The court further held that that portion of the Act requiring the acquisition of malpractice insurance as a condition of licensure of physicians and hospitals was also invalid. The district court made no holding regarding the constitutionality of I.C. § 39-4210 limiting malpractice action to common law negligence and recovery thereon to compensatory damages.

Here, appellants assign error to the holding of the lower court as it relates to Art. I, § 18, and all parties here have argued as to whether the Act violates the due process and equal protection guarantees of both the Idaho and federal constitutions. Therefore we review the issues pertaining to due process and equal protection. See, Grayot v. Summers, 75 Idaho 125, 269 P.2d 765 (1954); Taggart v. Latah Co., 78 Idaho 99, 298 P.2d 979 (1956).

In addition, respondents and intervenors assert that the restricted liability provisions of the Act are in violation of Idaho Constitution Art. I, § 7 (right to trial by jury) and Art. II, § 1 and Art. V, § 13 (prohibition against legislative encroachment upon judicial functions). Those issues were not reached below and are not reached here.

I.

At the outset we consider the assertion that the district court erred in its finding that that portion of the Act placing a limitation on damages recoverable in medical malpractice actions contravenes Art. I, § 18 of the Idaho Constitution. That section provides:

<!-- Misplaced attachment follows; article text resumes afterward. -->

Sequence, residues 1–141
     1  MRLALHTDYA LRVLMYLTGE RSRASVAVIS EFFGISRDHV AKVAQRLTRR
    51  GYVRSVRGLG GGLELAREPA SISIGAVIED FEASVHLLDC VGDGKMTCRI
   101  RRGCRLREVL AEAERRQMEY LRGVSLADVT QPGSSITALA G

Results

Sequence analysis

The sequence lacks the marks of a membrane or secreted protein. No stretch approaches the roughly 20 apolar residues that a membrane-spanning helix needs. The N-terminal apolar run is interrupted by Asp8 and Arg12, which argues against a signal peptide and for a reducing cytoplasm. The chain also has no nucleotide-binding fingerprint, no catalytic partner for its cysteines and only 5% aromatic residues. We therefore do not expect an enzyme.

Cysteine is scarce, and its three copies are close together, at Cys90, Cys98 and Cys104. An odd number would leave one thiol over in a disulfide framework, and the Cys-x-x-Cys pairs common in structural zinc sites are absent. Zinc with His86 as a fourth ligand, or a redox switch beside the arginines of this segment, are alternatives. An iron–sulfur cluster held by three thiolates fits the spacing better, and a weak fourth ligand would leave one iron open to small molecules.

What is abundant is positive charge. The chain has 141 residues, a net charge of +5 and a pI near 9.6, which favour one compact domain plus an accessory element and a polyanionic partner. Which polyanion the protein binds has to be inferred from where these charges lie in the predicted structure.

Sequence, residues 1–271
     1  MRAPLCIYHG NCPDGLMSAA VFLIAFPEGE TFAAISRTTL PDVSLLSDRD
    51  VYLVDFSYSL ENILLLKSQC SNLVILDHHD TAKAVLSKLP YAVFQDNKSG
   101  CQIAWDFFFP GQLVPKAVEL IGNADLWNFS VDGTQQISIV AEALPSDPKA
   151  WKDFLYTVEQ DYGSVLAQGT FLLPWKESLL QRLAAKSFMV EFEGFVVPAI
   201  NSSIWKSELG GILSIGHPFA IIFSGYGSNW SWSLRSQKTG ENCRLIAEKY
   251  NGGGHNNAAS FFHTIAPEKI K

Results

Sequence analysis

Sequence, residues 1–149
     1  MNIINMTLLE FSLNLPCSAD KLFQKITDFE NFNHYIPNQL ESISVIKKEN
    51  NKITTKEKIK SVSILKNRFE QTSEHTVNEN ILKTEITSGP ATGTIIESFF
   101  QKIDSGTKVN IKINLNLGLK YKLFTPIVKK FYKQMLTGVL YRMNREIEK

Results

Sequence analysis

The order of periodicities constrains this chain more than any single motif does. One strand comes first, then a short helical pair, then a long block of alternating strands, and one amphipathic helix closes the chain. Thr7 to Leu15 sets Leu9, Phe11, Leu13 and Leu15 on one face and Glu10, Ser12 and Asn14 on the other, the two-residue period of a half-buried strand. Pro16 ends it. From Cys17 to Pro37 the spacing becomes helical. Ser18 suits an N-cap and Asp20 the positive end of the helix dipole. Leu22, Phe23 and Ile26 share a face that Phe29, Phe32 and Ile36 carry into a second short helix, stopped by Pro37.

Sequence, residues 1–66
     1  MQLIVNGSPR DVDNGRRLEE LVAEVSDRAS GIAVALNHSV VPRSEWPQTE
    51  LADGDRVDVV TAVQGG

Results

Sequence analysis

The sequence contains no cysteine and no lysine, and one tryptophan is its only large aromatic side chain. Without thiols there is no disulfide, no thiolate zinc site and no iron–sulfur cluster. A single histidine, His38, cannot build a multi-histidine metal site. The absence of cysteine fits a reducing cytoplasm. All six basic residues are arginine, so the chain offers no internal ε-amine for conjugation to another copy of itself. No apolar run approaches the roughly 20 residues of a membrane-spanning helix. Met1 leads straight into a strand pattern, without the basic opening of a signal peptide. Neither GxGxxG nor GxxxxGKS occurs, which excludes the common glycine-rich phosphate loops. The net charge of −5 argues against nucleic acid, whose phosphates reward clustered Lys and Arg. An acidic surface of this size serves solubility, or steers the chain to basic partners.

"Courts of justice shall be open to every person, and a speedy remedy afforded for every injury of person, property or character, and rights and justice shall be administered without sale, denial, delay or prejudice."

The holding of the trial court was predicated upon its opinion that by this provision the Idaho Constitution effectively adopted the common law as it existed in 1890 and thereby preserved the common law right of action for medical malpractice. See, Nelson v. Harrington, 72 Wis. 591, 40 N.W. 228 (1888). It is argued that the rights to recovery for injury to person, property or character which existed at the time of the adoption of our constitution remain inviolate and, while the legislature may alter common law remedies and attach conditions precedent to the exercise of those common law rights, it must provide substitute procedures or remedies in lieu thereof or it cannot deny a remedy which existed at common law. See Newlan v. State, 96 Idaho 711, 535 P.2d 1348 (1975) (dissenting opinion). We hold that the trial court erred in its reasoning and its application of Art. I, § 18 of the Idaho Constitution.

To adopt that argument would be to hold that the common law as of 1890 governs the health, welfare and safety of the citizens of this state and is unalterable without constitutional amendment. Nothing in Art. I, § 18 either explicitly or implicitly prohibits legislative modification of common law actions. Art. I, § 18 contains no reference whatsoever to the common law. The only adoption of the common law in this jurisdiction is found in Art. XXI, § 2 of the state constitution and I.C. § 73-116. Those provisions clearly contemplate the inherent power of the legislature to modify the common law with few exceptions. See, State v. McCoy, 94 Idaho 236, 486 P.2d 247 (1971) (dictum). In Newlan v. State, supra, it was held that while the 120-day notice requirement restricts the period in which a claim may be brought, such does not deny access to the courts.